Thus, $$1 \pm i~ \sqrt{3} = 2 ~\left( \frac{1}{2} \pm i ~\frac{\sqrt{3}}{2} \right) = 2 (\cos{\frac{\pi}{3}} \pm i ~ \sin{\frac{\pi}{3}}).$$


Problem 2: Solve the quadratic equation $$x^2 −  x + 1 =0$$ and write its complex roots in trigonometric form.

Solution: We have $$\Delta = 1^2 - 4 = -3,$$ so the quadratic equation has complex roots $$\frac{1 \pm i~ \sqrt{3}}{2}.$$

To write these complex numbers in trigonometric form, we need to calculate their absolute value $$\left| \frac{1 \pm i ~\sqrt{3}}{2} \right| = \sqrt{\left( \frac{1}{2}\right)^2 + \left( \frac{\sqrt{3}}{2}\right)^2} = 1.$$

Thus, $$\frac{1 \pm i ~\sqrt{3}}{2} = \frac{1}{2} \pm i~ \frac{\sqrt{3}}{2} = \cos{\frac{\pi}{3}} \pm i ~ \sin{\frac{\pi}{3}}.$$


Problem 3: Solve the quadratic equation $$x^2 −  3 x + 3 =0$$ and write its complex roots in trigonometric form.

Solution: We have $$\Delta = 3^2 - 4 \times 3 = -3,$$ so the quadratic equation has complex roots $$\frac{3 \pm i~ \sqrt{3}}{2}.$$

To write these complex numbers in trigonometric form, we need to calculate their absolute value $$\left| \frac{3 \pm i ~\sqrt{3}}{2} \right| = \sqrt{\left( \frac{3}{2}\right)^2 + \left( \frac{\sqrt{3}}{2}\right)^2} = \sqrt{3}.$$

Thus, $$\frac{3 \pm i ~\sqrt{3}}{2} = \sqrt{3} \left( \frac{\sqrt{3}}{2} \pm i ~ \frac{1}{2}\right) = \sqrt{3} (\cos{\frac{\pi}{6}} \pm i ~ \sin{\frac{\pi}{6}}).$$


Problem 4: Calculate $(1 + i)^{2012}$ by two methods, using de Moivre's formula and using binomial identity, and deduce the following equality $${2012 \choose 0} - {2012 \choose 2} + {2012 \choose 4} - {2012 \choose 6} + \dots + {2012 \choose 2008} -  {2012 \choose 2010} + {2012 \choose 2012} = - 2^{1006}.$$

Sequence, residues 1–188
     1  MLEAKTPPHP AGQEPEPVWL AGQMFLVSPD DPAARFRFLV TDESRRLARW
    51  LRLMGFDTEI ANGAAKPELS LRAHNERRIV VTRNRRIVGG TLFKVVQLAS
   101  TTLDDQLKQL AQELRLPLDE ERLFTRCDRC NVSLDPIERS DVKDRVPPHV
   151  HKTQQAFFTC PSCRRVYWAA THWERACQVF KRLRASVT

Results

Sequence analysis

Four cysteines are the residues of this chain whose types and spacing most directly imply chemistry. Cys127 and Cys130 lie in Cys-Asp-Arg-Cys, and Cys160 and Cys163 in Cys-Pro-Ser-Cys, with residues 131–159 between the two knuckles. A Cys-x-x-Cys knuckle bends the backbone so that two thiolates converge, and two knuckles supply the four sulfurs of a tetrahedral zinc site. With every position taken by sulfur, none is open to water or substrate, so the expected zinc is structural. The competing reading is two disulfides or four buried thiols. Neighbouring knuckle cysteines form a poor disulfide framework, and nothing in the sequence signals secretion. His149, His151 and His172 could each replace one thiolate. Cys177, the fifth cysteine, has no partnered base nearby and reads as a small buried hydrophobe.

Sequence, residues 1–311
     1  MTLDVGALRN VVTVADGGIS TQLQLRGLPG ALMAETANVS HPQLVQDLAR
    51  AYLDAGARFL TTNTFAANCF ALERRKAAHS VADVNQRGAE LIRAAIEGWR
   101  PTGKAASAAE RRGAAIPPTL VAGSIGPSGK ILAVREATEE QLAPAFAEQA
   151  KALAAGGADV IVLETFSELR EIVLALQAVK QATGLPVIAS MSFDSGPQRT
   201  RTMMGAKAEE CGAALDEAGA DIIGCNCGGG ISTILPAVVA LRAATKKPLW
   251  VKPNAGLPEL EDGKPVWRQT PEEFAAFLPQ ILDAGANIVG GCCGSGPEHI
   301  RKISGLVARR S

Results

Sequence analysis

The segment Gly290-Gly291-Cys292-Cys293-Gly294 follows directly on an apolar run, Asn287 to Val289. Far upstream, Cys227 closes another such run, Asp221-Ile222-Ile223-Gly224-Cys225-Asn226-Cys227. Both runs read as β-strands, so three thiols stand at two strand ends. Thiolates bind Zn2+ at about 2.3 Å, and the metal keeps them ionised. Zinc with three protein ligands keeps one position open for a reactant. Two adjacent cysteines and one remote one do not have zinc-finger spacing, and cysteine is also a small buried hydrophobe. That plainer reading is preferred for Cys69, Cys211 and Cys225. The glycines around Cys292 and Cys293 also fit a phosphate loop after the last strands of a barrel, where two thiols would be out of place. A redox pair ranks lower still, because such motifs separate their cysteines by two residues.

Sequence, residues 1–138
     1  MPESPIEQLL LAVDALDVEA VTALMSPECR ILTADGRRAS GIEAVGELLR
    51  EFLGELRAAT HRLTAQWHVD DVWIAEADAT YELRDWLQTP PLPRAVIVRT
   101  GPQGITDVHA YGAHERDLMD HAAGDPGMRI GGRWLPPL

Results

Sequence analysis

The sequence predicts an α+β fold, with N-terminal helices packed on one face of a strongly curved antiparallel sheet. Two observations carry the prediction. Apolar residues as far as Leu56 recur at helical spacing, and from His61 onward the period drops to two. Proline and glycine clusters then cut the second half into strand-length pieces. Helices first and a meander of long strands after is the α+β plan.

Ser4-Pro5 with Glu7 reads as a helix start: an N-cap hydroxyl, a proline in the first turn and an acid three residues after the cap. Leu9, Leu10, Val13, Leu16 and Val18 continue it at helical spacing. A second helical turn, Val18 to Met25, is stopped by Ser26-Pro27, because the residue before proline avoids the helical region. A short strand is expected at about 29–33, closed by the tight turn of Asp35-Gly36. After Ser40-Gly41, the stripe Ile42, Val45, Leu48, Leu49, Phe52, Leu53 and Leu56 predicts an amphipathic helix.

Solution: In the first method, we write $1+i$ in trigonometric form and then use de Moivre's formula to calculate the exponentiation.

First, we calculate the absolute value of $1+i$: $$|1 + i| = \sqrt{1^2 + 1^2} = \sqrt{2}.$$

Thus, $$1 + i = \sqrt{2} \left( \frac{\sqrt{2}}{2} + i ~ \frac{\sqrt{2}}{2} \right) = \sqrt{2} ( \cos{\frac{\pi}{4}} + i ~ \sin{\frac{\pi}{4}}).$$

Using de Moivre's formula, we calculate the exponentiation $$(1 + i)^{2012} = (\sqrt{2})^{2012} ( \cos{\frac{2012 \pi}{4}} + i ~ \sin{\frac{2012 \pi}{4}}) = 2^{1006} (\cos{(503 \pi)} + i ~ \sin{(503 \pi)}) = - 2^{1006}.$$

On the other hand, by binomial identity, we have $$(1 + i)^{2012} = 1 + {2012 \choose 1} i + {2012 \choose 2} i^2 + {2012 \choose 3} i^3 + {2012 \choose 4} i^4 + {2012 \choose 5} i^5 + \dots + {2012 \choose 2011} i^{2011} + i^{2012}$$ $$= 1 + {2012 \choose 1} i - {2012 \choose 2} - {2012 \choose 3} i + {2012 \choose 4} + {2012 \choose 5} i + \dots - {2012 \choose 2011} i + 1$$

Comparing the real part of the above two results, we obtain $$1 - {2012 \choose 2} + {2012 \choose 4} - {2012 \choose 6} + \dots + {2012 \choose 2008} -  {2012 \choose 2010} + 1 = - 2^{1006}.$$



Let us stop here for now, see you again in the next post.




Homework.

1. Write these numbers in trigonometric form: $1 - i$, $3 + 3i$, $\sqrt{3} + 3i$, $3 - \sqrt{3} i$, $2$, $- 7 + 7i$, $3i$.

2. What is the absolute value of this complex number $\cos{\alpha} + i ~ \sin{\alpha}$ ?

3. Let $u = r (\cos{\alpha} + i ~ \sin{\alpha})$ and $v = s (\cos{\beta} + i ~ \sin{\beta})$, calculate $u/v$.

4. Calculate $(1 + i)^{2013}$ by two methods, the de Moivre's formula and the binomial identity, and then deduce some combinatorial equalities.

5. Write $x$ in trigonometric form and find all possible values of $x$ such that $x^4 = -1$.